Consuming a healthy diet throughout the life-course helps to prevent malnutrition in all its forms as well as a range of noncommunicable diseases (NCDs) and conditions. However, increased production of processed foods, rapid urbanization, and changing lifestyles have led to a shift in dietary patterns. People are now consuming more foods high in energy, fats, free sugars, and salt/sodium, and many people do not eat enough fruit, vegetables, and other dietary fiber such as whole grains.

The exact make-up of a diversified, balanced and a healthy diet will vary depending on individual characteristics (e.g. age, gender, lifestyle and degree of physical activity), cultural context, locally available foods and dietary customs. However, the basic principles of what constitutes a healthy diet remain the same.

For adults

A healthy diet includes the following:

     Fruit, vegetables, legumes (e.g. lentils and beans), nuts, and whole grains (e.g. unprocessed maize, millet, oats, wheat and brown rice).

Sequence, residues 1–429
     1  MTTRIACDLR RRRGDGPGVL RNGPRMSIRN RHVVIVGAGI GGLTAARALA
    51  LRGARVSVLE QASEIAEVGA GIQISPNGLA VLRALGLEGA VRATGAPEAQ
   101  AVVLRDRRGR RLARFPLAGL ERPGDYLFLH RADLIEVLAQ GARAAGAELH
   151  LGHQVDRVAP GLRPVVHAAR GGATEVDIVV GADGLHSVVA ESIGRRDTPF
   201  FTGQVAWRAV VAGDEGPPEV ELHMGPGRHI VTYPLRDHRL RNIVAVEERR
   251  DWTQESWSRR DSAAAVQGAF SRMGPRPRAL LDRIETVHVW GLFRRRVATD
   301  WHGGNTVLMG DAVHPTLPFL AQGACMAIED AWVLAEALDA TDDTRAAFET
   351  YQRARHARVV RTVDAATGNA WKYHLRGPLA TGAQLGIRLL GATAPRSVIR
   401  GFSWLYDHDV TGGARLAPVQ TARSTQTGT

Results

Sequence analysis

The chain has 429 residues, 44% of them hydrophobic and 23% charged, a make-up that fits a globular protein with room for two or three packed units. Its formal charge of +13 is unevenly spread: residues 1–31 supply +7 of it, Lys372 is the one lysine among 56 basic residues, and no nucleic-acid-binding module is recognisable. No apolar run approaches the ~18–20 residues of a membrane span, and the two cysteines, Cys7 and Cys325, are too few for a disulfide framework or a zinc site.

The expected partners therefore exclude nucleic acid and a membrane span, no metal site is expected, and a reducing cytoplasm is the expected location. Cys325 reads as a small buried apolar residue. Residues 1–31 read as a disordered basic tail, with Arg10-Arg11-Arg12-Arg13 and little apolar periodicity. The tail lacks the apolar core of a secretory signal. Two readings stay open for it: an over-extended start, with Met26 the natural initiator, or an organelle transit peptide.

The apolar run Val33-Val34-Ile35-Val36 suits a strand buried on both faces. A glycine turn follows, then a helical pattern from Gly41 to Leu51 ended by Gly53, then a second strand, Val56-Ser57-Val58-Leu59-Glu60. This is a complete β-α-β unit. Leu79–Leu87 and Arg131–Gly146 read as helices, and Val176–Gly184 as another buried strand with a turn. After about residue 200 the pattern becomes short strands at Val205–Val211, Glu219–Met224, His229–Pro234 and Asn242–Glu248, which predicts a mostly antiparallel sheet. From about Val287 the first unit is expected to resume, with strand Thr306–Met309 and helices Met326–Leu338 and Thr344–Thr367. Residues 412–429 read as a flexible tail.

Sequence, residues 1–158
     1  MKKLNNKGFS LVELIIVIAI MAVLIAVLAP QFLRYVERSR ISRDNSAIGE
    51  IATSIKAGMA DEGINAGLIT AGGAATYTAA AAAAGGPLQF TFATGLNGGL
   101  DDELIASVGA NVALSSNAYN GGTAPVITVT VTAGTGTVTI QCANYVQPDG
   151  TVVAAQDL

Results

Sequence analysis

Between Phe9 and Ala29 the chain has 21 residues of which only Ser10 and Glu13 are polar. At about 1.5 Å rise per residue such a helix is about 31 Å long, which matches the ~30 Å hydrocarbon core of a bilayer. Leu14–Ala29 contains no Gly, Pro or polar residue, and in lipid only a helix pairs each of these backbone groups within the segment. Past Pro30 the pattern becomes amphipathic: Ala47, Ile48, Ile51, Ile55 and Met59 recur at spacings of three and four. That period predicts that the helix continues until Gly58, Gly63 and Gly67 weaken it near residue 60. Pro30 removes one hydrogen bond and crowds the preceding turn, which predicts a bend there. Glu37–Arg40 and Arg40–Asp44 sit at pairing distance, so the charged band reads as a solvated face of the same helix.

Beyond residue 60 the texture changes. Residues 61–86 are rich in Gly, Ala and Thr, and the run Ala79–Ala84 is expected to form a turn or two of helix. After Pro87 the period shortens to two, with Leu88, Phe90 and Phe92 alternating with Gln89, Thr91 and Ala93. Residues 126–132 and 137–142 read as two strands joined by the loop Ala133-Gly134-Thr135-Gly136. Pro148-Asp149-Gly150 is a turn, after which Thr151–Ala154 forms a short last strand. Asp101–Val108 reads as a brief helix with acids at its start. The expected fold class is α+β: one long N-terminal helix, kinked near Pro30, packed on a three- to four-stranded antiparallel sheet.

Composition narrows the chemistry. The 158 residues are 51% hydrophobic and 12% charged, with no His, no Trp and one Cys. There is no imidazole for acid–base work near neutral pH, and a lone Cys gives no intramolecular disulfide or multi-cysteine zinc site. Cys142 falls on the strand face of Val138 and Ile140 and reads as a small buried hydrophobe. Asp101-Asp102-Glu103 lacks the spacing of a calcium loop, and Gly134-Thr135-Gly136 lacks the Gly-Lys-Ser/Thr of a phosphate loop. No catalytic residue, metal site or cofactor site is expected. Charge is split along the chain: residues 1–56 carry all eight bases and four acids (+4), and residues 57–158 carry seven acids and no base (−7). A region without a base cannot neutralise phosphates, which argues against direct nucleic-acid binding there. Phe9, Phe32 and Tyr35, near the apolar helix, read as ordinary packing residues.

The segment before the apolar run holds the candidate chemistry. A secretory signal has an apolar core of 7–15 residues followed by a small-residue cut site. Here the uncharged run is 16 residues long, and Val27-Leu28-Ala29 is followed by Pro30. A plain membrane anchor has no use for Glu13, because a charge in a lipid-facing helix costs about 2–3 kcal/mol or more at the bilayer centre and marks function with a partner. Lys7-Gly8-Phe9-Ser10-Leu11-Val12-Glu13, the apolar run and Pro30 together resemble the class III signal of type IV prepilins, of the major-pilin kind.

At least 400 g (i.e. five portions) of fruit and vegetables per day, excluding potatoes, sweet potatoes, cassava, and other starchy roots.

     Less than 10% of total energy intake from free sugars, which is equivalent to 50 g (or about 12 level teaspoons) for a person of healthy body weight consuming about 2000 calories per day, but ideally is less than 5% of total energy intake for additional health benefits. Free sugars are all sugars added to foods or drinks by the manufacturer, cook, or consumer, as well as sugars naturally present in honey, syrups, fruit juices and fruit juice concentrates.